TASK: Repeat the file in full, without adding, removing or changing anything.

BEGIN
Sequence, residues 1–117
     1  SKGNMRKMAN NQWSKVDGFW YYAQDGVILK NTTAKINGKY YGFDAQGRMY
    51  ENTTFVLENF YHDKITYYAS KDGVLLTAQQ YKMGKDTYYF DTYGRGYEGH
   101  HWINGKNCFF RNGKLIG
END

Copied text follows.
Sequence, residues 1–117
     1  SKGNMRKMAN NQWSKVDGFW YYAQDGVILK NTTAKINGKY YGFDAQGRMY
    51  ENTTFVLENF YHDKITYYAS KDGVLLTAQQ YKMGKDTYYF DTYGRGYEGH
   101  HWINGKNCFF RNGKLIG